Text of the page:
Some snowmobiles look and feel so used up, it’s hard to imagine they were ever new. You know the machine: It’s parked out in the yard with a busted hood, duct-taped windshield, torn seat cover and sloppy steering. After a few thousand miles, rod ends and bushings on most snowmobiles are loose and cause the sled to steer as sharp as your neighbor’s ’78 Chevy pickup. Those loose parts make the machine feel worn out. But there’s hope. That used sled can feel new again with a steering system rebuild.

Replacement of the worn parts isn’t rocket science, they just need to be tracked down, removed and replaced. The job might take several hours because some parts are in hard-to-reach areas where access with tools is limited – at best – but after a few hours, it’ll feel like new again the next time it hits the trail.

The Right Tools Make It Easier

We did this job on a 2001 Polaris 600 XC SP that started with 5/8 of an inch of steering slop. After a few hours and about $250 invested in parts, the steering system was tight as a can of tuna. Special tools made a big difference.

Ratcheting wrenches are almost mandatory in confined spaces to help speed up the job. Custom tools with ornate bends that are made of thin stock are handy, too, because they can get into tight spots. In some cases, it’s just a matter of cutting a cheap wrench in half with a hack saw to get it into a tight area.

Find The Problem

Before heading out to buy new parts, examine the steering system to determine which parts need to be replaced. Some sleds might need all rod ends and bushings replaced, whereas others might just have one or two sloppy parts.

Have an assistant hold the skis to isolate movement, shine a flashlight into suspected areas and wiggle the handlebars. This will reveal where the problems are. Make detailed notes of what’s worn (i.e. “joint at bottom of steering post that screws into draglink”), then head to the dealership to get the parts.

If you need to buy more than two or three parts, ask the dealership for a copy of the steering system schematic. This is a priceless tool to keep the parts identifiable from one another and to make sure the right parts go in the right spots.

Replace Parts

Rod end replacement is straightforward. Worn parts just need to be twisted out and the new ones need to be twisted in. The challenge usually comes from gaining access to the dead part or removing stubborn fittings.

Some parts of steering systems are buried under the engine. To gain better access with hands and tools and to provide a clear view of the job, we removed the recoil cover and exhaust pipe from our 600 XC SP. Further disassembly might be required for other machines.

Crack loose the jam nut and twist out the old part. To help keep the steering system’s alignment in check, take care to not turn the jam nut any further. With the rod end removed from the sled, measure how far the jam nut is from the end of the part, then twist the jam nut onto the new rod end that same distance.

Heat from a propane torch might be required to loosen extra-stubborn nuts or rod ends. Before the torch is lit, make sure the flame won’t contact any flammable materials.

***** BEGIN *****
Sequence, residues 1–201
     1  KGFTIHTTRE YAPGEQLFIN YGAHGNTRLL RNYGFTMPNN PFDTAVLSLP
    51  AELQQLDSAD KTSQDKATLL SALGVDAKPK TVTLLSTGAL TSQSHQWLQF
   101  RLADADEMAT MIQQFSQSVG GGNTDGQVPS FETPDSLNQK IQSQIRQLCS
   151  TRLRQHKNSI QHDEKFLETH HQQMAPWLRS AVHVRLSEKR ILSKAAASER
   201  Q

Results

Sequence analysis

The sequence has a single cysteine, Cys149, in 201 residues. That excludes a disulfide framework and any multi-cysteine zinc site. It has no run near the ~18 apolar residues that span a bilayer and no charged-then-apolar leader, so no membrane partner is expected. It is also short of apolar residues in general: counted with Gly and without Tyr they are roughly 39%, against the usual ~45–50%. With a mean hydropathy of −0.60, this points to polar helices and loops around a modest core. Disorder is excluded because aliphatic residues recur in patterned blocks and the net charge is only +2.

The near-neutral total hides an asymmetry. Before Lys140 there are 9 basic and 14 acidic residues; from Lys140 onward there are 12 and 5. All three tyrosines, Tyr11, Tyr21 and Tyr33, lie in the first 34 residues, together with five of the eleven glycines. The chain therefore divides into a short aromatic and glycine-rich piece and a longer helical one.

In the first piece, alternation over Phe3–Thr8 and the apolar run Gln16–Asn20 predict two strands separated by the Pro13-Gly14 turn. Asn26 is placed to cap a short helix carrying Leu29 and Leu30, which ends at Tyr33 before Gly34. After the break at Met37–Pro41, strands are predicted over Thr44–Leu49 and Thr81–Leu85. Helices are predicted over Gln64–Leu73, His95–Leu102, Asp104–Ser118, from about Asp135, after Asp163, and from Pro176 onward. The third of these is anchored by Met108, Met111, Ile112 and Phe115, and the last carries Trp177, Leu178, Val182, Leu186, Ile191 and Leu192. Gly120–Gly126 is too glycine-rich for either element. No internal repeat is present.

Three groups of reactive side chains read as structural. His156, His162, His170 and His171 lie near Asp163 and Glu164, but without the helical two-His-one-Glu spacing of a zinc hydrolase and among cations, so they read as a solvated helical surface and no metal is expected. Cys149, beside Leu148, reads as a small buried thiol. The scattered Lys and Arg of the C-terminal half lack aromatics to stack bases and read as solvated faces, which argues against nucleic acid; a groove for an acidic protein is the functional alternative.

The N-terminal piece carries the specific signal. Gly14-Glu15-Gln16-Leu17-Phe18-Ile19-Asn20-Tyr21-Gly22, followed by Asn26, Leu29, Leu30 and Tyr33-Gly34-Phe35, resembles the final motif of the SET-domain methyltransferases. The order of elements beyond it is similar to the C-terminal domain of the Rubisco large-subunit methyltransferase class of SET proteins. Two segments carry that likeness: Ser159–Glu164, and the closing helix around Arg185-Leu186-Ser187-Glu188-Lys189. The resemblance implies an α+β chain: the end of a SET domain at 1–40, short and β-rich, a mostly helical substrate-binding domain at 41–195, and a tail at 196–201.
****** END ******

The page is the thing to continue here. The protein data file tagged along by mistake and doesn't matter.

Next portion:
Every Little Bit Helps

Spindle bushings are cheap, and easy to replace. New ones won’t have a huge effect of how the steering feels, but they should be replaced as part of the bigger picture because every little bit of slop eliminated helps improve the feel of the sled.

On the Polaris snowmobile we repaired, the spindle bushings isolated the trailing arm from the spindle, which is bolted to the ski down below and the steering arm up top.

Before the steering arm is unbolted from the spindle, simultaneously stamp the two parts with a punch or chisel to make sure they get lined up upon re-assembly.

After the spindle has been removed, pop out the old bushings with a screwdriver and replace with the new ones. Slather some grease inside the ski leg or trailing arm and reassemble.

Put It In Line

Once the worn parts have been replaced, ski alignment needs to be checked and reset if necessary. To make sure the machine’s bars will end up in line with the skis, measure with a tape to make sure the handlebars are straight.

Sit down and set the handlebars so they feel straight. Then measure from each bar end to a fixed point on each side of the tunnel, such as the rear suspension mount bolt. Adjust the handlebar’s position until both measurements are the same.

Lay a straightedge along the track and adjust the skis as necessary. As a rule of thumb, the skis should be toed out about one-eighth to one-quarter of an inch.

If there are enough threads available from the tie-rod end, unbolt it from the steering arm (the part that attaches to the spindle) and turn it in/out as necessary to adjust ski alignment. This is much easier than loosening the jam nut at the center of the chassis, but only use this method if the part has at least half of the threads to hold it securely inside the tie rod.

Once the skis are aligned and everything seems ship-shape, double check the jam nuts to make sure they’re tight. Reinstall parts that might have been removed and point that tight, old ride toward the trail. With the front end feeling sweet again, maybe it’ll be worthwhile to replace the sled’s decrepit windshield, too.

TOOL CRIB

• Common wrenches and sockets (custom ones, too)

• Tape measure

• Long straightedge

• Flashlight

• Propane torch

• Hammer and chisel or steel punch

KEEP IN MIND

• Leave the parts labeled or in their package until it’s time to install them. Most front-end hardware looks the same with the only difference being the direction of the threads.

• A parts diagram with part numbers is a must to reduce confusion of which part goes where.

Leave a Reply

Your email address will not be published. Required fields are marked *